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UK employment falls at fastest rate for four years as hiring trend cools
- Number of people in employment down by 56,000 in the three months to August, biggest fall since the three months to May 2015
- Unemployment rises, job vacancies at lowest since 2017, pay growth moderates
- Survey data signal further weakening of job market in September
The UK labour market showed signs of cooling in the summer, with employment falling to the greatest extent for four years. The updated official statistics corroborate earlier survey evidence which warned of a downturn in hiring resulting from the twin headwinds of heightened business uncertainty and slower economic growth.
Weakening labour market
Data from the Office for National Statistics showed the number of people in employment dropping by 56,000 in the three months to August compared to the prior three months. That was the biggest fall since the spring of 2015.
Further disappointing news came in the form of a 22,000 rise in the number of people unemployed in the three months to August to just over 1.3 million, while the claimant count rose by 21,100. The unemployment rate also edged up to 3.9% in the latest three months, up from 3.8%. Job vacancies meanwhile fell to the lowest since late-2017, and have indicated a continuous softening in the demand for staff throughout the year to date.
The official data also showed wage growth moderating from 3.9% in the three months to July to 3.8% in the three months to August, with the underlying rate excluding bonuses also slipping to 3.8%.
Dark picture corroborates gloomy surveys
The disappointing numbers are not a blip but the consequence of a steady deteriorating trend seen over the course of 2019 so far. What's more, the business surveys indicate that the job market continued to weaken in September, hinting that the rate of job losses likely accelerated.
The CIPS PMI surveys showed headcounts being cut in September at the fastest rate since 2009. Recruitment industry survey data showed a similarly dark picture, with the number of people placed in permanent jobs falling for the seventh straight month in September. Any jobs growth seen during the month was accounted for by temporary and contract staff appointments, highlighting how business uncertainty has deterred companies from taking people on to their payrolls.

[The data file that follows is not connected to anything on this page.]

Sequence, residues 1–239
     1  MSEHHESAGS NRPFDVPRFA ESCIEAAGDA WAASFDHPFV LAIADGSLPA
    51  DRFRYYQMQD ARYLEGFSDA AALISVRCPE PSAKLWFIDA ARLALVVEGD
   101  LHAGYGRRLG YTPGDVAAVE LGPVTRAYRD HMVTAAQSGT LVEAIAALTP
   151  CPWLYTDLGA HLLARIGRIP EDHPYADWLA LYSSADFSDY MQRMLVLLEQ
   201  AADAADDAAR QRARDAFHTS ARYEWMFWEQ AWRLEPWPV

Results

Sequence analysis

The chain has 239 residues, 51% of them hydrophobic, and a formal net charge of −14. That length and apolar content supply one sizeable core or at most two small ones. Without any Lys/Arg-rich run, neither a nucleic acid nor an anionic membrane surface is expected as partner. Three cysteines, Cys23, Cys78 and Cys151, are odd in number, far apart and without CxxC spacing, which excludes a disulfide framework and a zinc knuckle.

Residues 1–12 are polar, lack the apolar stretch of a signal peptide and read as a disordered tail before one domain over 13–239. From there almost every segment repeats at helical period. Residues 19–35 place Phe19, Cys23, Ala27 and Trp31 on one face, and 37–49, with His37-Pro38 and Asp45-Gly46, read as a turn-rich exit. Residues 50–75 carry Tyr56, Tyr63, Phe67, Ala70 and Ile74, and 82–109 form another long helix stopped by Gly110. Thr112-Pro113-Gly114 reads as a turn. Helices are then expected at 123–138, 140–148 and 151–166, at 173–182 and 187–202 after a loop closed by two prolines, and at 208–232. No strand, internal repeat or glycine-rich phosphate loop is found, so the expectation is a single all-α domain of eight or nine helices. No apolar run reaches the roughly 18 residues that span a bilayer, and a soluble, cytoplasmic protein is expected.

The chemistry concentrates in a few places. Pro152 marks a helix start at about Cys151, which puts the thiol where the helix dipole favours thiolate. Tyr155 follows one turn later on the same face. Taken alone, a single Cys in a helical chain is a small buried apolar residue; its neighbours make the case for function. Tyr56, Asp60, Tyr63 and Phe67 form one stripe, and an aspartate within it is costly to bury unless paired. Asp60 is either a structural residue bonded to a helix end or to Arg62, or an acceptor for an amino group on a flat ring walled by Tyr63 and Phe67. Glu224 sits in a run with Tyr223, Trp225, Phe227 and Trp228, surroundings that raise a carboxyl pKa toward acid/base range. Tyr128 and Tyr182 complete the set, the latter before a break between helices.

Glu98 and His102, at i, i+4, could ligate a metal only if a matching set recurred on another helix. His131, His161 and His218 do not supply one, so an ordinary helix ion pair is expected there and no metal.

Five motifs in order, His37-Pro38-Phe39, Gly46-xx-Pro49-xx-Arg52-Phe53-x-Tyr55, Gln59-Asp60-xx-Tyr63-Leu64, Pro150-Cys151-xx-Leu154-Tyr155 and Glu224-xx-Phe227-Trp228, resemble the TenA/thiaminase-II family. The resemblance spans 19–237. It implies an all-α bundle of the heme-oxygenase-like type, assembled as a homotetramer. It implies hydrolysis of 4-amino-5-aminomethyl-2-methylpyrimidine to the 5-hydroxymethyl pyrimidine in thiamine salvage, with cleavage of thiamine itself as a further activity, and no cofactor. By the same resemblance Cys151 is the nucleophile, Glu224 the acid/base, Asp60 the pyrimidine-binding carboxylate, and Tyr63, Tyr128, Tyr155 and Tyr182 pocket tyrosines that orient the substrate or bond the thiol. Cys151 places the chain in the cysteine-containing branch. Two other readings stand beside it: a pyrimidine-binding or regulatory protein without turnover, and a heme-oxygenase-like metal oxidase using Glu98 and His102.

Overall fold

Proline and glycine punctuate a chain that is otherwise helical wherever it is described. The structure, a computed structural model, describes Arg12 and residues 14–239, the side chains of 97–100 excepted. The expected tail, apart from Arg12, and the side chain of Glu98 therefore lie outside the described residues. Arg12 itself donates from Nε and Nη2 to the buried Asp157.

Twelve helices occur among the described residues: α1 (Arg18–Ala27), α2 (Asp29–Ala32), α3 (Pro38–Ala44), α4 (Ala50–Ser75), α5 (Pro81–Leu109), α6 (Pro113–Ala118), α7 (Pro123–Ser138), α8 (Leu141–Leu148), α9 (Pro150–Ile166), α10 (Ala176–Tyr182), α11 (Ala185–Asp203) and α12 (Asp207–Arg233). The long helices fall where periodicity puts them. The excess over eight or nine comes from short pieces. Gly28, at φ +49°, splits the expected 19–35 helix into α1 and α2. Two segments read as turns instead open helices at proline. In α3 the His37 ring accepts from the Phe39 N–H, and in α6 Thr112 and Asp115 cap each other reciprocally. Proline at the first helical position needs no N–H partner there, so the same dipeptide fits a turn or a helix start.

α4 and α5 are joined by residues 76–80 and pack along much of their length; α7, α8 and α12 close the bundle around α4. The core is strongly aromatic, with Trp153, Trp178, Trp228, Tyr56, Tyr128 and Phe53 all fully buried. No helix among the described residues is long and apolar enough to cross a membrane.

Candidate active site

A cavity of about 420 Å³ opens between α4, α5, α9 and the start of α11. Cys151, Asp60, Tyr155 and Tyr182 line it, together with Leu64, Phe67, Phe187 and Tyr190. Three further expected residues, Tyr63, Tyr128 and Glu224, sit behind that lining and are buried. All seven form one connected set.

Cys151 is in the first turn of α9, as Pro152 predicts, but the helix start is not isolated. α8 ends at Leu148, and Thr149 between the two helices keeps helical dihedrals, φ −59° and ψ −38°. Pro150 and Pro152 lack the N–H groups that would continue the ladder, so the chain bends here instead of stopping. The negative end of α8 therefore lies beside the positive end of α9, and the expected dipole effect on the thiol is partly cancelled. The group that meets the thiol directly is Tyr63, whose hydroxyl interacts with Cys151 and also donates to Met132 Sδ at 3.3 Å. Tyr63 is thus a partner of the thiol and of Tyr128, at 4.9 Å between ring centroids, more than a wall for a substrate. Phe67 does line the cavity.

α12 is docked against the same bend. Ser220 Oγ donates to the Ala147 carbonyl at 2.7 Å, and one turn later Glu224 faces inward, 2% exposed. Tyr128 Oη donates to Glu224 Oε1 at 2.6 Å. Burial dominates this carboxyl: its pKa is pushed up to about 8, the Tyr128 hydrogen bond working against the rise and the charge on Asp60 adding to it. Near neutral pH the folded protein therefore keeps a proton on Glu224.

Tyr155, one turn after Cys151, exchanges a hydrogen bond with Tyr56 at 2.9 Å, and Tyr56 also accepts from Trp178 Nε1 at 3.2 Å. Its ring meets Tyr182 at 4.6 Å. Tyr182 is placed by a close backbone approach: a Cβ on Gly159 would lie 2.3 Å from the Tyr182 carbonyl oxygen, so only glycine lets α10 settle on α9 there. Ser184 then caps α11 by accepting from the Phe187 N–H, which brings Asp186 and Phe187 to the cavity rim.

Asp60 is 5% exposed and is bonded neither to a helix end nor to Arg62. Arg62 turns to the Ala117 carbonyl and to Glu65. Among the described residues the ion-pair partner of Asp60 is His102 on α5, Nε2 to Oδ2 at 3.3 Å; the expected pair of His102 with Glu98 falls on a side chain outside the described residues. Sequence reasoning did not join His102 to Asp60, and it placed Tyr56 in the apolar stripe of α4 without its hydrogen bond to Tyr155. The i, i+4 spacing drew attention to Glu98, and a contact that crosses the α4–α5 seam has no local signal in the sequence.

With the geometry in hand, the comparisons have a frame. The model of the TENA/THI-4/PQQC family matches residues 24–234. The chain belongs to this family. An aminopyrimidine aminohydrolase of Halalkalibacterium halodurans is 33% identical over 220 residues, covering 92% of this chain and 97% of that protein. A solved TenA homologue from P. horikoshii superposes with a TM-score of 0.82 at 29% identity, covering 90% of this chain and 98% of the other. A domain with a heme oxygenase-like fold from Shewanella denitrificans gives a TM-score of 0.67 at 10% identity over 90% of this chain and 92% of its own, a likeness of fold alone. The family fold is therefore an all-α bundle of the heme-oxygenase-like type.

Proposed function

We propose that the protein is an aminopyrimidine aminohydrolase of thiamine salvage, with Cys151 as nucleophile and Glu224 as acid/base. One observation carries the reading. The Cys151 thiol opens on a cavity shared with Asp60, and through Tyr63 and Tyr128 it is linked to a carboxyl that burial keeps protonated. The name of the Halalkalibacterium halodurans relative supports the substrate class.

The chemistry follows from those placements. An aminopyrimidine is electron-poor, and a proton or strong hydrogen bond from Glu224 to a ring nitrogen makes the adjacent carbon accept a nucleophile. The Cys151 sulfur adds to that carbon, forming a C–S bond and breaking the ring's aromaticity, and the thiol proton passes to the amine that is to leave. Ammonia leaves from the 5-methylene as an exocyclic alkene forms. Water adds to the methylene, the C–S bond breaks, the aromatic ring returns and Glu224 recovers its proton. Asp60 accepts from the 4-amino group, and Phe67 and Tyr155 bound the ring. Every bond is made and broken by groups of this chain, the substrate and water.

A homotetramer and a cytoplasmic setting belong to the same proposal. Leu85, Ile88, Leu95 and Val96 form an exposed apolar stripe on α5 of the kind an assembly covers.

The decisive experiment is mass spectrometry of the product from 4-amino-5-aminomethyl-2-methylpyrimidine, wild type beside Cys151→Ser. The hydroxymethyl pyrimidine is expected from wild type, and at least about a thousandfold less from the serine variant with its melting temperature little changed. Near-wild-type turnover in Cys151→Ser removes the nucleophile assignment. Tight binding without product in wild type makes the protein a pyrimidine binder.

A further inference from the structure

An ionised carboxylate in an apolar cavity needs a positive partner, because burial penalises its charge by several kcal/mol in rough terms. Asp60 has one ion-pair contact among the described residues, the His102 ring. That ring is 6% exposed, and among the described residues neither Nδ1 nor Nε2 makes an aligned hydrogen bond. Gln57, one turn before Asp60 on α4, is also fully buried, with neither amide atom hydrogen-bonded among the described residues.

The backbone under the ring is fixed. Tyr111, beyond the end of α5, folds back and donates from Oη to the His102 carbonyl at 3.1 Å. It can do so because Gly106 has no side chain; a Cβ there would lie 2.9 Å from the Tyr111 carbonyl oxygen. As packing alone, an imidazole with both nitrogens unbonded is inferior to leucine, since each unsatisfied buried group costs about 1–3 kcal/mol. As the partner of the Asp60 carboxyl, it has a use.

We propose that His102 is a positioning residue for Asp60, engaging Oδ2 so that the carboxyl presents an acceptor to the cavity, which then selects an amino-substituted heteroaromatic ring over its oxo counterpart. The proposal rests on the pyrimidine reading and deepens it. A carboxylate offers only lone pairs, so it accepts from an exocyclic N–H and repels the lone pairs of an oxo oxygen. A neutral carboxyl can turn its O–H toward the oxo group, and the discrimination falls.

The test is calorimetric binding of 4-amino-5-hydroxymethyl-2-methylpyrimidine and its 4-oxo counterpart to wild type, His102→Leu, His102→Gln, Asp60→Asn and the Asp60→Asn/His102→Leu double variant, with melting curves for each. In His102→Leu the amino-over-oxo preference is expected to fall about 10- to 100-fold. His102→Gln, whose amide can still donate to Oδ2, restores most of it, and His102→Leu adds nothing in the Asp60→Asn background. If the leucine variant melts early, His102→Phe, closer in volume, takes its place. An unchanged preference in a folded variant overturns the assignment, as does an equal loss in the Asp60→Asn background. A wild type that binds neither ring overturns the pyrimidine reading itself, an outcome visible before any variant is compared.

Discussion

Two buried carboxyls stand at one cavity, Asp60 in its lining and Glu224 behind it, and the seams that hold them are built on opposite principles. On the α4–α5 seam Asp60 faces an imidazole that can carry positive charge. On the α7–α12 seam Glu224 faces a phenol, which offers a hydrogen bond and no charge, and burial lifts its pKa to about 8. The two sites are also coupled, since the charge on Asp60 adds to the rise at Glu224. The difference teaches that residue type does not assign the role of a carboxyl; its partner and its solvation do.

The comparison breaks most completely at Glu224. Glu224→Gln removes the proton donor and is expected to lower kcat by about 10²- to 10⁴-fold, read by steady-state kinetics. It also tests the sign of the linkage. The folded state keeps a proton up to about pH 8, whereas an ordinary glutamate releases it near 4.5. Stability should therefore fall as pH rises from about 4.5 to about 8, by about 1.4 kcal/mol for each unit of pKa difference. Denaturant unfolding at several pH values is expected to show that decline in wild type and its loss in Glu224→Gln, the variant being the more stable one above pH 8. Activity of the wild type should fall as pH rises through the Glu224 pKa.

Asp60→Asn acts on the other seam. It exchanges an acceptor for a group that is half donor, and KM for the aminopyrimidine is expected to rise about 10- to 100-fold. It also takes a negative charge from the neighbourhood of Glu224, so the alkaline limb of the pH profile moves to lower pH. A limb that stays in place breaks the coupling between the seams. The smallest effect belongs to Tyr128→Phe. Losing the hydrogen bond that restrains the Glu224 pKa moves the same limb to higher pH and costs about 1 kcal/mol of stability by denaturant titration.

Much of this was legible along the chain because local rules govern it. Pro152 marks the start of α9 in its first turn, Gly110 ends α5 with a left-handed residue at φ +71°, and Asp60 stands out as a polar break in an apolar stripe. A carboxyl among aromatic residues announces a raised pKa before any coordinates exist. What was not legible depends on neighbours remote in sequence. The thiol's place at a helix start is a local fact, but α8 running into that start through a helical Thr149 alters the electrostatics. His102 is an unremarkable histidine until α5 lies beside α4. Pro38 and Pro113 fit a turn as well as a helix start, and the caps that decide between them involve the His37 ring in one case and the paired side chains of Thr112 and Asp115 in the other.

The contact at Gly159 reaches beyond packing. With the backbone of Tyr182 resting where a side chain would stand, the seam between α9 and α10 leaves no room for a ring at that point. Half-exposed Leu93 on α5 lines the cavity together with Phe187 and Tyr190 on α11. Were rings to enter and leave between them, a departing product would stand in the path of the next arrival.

However, recruiters also reported that the overall availability of suitable staff continued to deteriorate, meaning wage pressures remained elevated at the end of the third quarter, though have moderated considerably over the course of the past year. The surveys consequently suggest that the official pay growth rate could soften in coming months, easing closer to 3%.
Economy struggling amid headwinds
With the official labour market data and business surveys are in sync so far in the third quarter, the gloomy picture contrasts with the more positive-looking GDP numbers, and adds to concerns that a likely upturn in the third quarter will prove temporary, with the volatile GDP numbers masking an altogether more worrying picture of an economy struggling to grow.
We've been saying for some time that the health of the UK labour market in part reflects the trend towards substituting labour for capital, as business investment has been deterred due to Brexit uncertainty. Companies have also been 'de-risking' their workforces with zero-hour or temp and contract workers. Now it seems that even the hiring trend is being adversely impacted by the headwinds of Brexit and signs of slower economic growth.
Hence while the headline employment numbers may have given an impression of economic health in recent years, the picture is misleading. In the absence of business investment growth, a strengthening labour market in fact points to an economy that is struggling with uncertainty and set for weaker productivity growth.
Chris Williamson, Chief Business Economist, IHS Markit
Tel: +44 207 260 2329
Purchasing Managers' Index™ (PMI™) data are compiled by IHS Markit for more than 40 economies worldwide. The monthly data are derived from surveys of senior executives at private sector companies, and are available only via subscription. The PMI dataset features a headline number, which indicates the overall health of an economy, and sub-indices, which provide insights into other key economic drivers such as GDP, inflation, exports, capacity utilization, employment and inventories. The PMI data are used by financial and corporate professionals to better understand where economies and markets are headed, and to uncover opportunities.
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